Overall Objective of LumoSQL

To create Privacy-compliant Open Source Database Platform with Modern Design and Benchmarking,
usable either embedded or online.

This is the guide for every aspect of the project, which will ensure that LumoSQL offers features that money can't buy, and drawing together an SQLite-related ecosystem.

LumoSQL is based on SQLite. It aims to incorporate all of the features of SQLite and improve it many ways.

Development Goals

  • SQLite upstream promise: LumoSQL does not fork SQLite, and offers 100% compatibility with SQLite by default, and will contribute to SQLite where possible. This especially includes the SQLite user interface mechanisms of pragmas, library APIs, and commandline parameters.

  • Legal promise: LumoSQL does not come with legal terms less favourable than SQLite. LumoSQL will aim to improve the legal standing and safety worldwide as compared to SQLite.

  • Developer contract: LumoSQL has stable APIs (Application Programming Interfaces) for features found in multiple unrelated SQLite downstream projects: backends, frontends, encryption, networking and more.

  • Devops contract: LumoSQL reduces risk by making it possible to omit compilation of unneeded features, and has stable ABIs (Application Binary Interfaces) so as to not break dynamically-linked applications.

  • Ecosystem creation: LumoSQL will offer consolidated contact, code curation, bug tracking, licensing, and community communications across all these features from other projects. Bringing together SQLite code contributions under one umbrella reduces technical risk in many ways, from inconsistent use of threads to tracking updated versions.

LumoSQL Design

  • LumoSQL has three canonical and initial backends: btree (the existing SQLite btree, ported to a new backend system); the LMDB backend; and the BDB backend. Control over these interfaces is through the same user interface mechanisms as the rest of LumoSQL, and SQLite.

  • LumoSQL improves SQLite quality and privacy compliance by introducing optional on-disk checksums for storage backends including the original SQLite btree format. This allows real-time row-level corruption detection.

  • LumoSQL improves SQLite quality and privacy compliance by introducing optional storage backends that are more crash-resistant than SQLite btree (such as LMDB) and more oriented towards complete recovery (such as BDB).

  • LumoSQL improves SQLite integrity in persistent storage by introducing optional row-level checksums.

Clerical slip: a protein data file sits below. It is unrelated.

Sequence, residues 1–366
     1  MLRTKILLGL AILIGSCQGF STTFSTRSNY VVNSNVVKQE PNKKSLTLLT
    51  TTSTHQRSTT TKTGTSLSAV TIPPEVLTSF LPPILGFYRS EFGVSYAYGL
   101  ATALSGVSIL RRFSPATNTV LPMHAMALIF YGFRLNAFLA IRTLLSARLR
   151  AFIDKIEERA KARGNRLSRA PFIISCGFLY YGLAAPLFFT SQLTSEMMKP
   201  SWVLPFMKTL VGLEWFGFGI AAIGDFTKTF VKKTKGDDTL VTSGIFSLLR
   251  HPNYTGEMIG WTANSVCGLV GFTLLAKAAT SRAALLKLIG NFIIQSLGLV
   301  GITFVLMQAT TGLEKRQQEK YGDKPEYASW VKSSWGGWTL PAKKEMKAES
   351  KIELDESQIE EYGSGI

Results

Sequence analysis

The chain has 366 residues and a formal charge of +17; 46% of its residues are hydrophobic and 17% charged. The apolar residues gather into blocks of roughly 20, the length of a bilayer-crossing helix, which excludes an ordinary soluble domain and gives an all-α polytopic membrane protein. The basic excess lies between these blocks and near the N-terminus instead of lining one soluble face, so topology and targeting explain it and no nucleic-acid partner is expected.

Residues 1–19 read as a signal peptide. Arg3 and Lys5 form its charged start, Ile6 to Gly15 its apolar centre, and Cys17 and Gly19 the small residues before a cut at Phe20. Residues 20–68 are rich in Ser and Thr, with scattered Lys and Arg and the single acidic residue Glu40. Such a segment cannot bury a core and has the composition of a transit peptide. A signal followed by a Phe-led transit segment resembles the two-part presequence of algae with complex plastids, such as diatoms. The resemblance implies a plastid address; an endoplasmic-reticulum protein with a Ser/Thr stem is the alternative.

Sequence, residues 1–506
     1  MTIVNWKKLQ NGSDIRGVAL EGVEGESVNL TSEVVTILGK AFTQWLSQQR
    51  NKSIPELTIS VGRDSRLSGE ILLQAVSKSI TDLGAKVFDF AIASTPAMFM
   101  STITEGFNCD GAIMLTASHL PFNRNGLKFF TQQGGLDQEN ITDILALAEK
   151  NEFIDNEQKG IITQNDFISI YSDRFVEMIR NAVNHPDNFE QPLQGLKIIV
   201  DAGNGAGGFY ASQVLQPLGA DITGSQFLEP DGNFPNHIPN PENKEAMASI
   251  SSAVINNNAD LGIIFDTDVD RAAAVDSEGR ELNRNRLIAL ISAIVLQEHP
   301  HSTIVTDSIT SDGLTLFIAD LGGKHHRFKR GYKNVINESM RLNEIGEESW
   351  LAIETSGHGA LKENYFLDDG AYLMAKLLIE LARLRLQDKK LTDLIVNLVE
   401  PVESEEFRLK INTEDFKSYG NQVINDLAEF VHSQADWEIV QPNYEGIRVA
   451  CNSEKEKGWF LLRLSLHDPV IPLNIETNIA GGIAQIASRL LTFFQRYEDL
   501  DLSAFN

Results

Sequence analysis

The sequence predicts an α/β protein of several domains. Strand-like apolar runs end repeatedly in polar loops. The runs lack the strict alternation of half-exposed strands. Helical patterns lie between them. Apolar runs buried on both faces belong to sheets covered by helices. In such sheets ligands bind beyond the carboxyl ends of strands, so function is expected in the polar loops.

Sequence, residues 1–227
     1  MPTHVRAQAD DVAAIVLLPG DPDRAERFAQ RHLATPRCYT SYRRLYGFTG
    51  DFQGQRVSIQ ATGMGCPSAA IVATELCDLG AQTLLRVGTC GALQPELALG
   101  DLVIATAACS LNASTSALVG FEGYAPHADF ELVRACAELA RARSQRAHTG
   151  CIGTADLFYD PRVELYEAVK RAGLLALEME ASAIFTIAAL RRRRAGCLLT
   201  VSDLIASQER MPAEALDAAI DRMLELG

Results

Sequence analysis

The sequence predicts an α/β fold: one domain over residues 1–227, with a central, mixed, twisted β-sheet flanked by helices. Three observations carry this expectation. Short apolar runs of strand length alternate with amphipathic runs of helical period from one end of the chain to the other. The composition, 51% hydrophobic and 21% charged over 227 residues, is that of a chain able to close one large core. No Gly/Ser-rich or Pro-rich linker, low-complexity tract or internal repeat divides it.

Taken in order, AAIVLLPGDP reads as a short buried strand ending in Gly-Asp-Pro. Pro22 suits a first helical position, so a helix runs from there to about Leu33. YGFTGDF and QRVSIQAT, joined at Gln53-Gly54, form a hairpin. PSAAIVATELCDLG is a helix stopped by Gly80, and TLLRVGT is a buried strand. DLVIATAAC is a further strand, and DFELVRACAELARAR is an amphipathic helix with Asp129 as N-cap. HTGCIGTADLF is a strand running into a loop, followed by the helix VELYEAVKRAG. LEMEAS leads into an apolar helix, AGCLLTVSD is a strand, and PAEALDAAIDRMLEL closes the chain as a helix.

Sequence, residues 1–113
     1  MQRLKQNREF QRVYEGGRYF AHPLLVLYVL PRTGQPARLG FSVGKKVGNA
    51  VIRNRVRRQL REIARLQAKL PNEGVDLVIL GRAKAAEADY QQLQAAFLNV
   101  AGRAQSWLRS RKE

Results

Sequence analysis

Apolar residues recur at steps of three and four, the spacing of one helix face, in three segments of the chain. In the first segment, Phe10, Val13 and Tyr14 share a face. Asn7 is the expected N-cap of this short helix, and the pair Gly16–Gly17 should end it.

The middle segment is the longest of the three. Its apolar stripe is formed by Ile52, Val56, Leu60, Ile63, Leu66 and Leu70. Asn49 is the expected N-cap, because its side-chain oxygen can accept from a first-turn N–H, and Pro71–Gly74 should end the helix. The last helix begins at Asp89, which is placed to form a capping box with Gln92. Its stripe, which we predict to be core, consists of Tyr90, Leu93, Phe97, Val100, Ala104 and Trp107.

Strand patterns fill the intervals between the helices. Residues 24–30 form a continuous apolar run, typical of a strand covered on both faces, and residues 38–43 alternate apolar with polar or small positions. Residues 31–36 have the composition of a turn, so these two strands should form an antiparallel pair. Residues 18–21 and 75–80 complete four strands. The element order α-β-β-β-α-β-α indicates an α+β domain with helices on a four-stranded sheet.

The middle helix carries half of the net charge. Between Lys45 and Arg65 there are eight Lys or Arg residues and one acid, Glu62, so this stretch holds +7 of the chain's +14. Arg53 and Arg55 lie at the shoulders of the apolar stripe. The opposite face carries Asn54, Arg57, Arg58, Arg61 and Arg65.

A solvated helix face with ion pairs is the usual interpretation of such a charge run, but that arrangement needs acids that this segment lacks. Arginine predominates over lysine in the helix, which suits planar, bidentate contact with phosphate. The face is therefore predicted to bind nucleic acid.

• LumoSQL provides the benefits of Open Source by being an open project and continuing to accept and review contributions in an open way, using Fossil and having diverse contributors.

  • LumoSQL improves SQLite design by intercepting APIs at a very small number of critical choke-points, and giving the user optional choices at these choke points. The choices are for alternative storage backends, front end parsers, encryption, networking and more, all without removing the zero-config and embedded advantages of SQLite

  • LumoSQL provides a means of tracking upstream SQLite, by making sure that anything other than the API chokepoints can be synched at each release, or more often if need be.

  • LumoSQL provides updated public testing tools, with results published and instructions for reproducing the test results. This also means excluding parts of the LumoSQL test suite that don't apply to new backends

  • LumoSQL provides benchmarking tools, otherwise as per the testing tools.

  • LumoSQL ensures that new code remains optional by means of modularity at compiletime and also runtime. By illustration of modularity, at compiletime nearly all 30 million lines of the Linux kernel can be excluded giving just 200k lines. Runtime modularity is controlled through the same user interfaces as the rest of LumoSQL.

  • LumoSQL ensures that new code may be active at once, eg. multiple backends or frontends for conversion between/upgrading from one format or protocol to another. This is important to provide continuity and supported upgrade paths for users, for example, users who want to become privacy-compliant without disrupting their end users.

  • Over time, LumoSQL will carefully consider the potential benefits of dropping some of the most ancient parts of SQLite when merging from upstream, provided it does not conflict with any of the other goals in this document. Eliminating SQLite code can be done by a similar non-forking mechanism as used to keep in synch with the SQLite upstream. Patches will be offered to sqlite.org